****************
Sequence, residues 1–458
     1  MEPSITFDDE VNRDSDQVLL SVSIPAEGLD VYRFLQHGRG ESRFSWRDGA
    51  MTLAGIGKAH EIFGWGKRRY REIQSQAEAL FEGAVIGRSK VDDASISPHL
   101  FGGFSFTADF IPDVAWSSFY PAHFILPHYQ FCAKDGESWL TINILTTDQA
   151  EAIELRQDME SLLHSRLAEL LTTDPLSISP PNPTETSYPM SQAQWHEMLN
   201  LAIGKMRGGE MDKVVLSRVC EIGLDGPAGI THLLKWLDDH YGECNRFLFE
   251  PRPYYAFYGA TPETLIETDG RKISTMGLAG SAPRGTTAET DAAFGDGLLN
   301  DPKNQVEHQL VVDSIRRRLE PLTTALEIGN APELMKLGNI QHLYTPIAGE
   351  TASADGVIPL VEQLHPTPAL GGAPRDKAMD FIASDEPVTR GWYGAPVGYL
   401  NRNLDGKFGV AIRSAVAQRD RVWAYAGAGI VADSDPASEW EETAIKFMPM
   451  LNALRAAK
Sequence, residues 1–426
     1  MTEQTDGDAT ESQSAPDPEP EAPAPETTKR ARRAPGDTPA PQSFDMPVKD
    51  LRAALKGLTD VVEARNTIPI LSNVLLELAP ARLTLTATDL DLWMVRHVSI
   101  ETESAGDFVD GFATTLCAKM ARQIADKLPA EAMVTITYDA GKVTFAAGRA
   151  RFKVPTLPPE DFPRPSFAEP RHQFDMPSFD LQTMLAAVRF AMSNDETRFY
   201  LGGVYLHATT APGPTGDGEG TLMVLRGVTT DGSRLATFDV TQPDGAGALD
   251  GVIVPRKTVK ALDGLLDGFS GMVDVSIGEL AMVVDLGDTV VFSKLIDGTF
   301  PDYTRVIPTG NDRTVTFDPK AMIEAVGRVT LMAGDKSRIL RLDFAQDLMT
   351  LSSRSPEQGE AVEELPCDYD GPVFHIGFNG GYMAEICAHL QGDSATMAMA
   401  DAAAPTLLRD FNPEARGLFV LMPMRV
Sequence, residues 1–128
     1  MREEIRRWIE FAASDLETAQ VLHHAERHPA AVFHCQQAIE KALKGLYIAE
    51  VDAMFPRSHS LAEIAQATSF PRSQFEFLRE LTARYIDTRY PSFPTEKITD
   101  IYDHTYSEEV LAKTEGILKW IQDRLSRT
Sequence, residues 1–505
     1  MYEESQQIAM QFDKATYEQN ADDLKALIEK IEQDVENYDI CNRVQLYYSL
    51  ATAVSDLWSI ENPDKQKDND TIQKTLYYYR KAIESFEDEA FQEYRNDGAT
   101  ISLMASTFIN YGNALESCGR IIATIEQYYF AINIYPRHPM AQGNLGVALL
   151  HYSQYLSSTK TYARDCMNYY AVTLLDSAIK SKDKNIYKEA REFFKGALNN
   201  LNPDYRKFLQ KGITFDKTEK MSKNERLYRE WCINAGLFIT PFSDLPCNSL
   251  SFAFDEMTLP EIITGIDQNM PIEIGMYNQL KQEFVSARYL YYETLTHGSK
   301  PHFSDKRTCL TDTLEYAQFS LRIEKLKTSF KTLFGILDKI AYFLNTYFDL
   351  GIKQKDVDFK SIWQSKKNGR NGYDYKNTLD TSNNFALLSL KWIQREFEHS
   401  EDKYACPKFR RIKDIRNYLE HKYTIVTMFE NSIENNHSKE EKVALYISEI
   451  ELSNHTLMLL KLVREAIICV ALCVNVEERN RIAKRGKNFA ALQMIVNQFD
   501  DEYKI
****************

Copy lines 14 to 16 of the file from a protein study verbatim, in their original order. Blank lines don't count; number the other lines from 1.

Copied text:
    51  LRAALKGLTD VVEARNTIPI LSNVLLELAP ARLTLTATDL DLWMVRHVSI
   101  ETESAGDFVD GFATTLCAKM ARQIADKLPA EAMVTITYDA GKVTFAAGRA
   151  RFKVPTLPPE DFPRPSFAEP RHQFDMPSFD LQTMLAAVRF AMSNDETRFY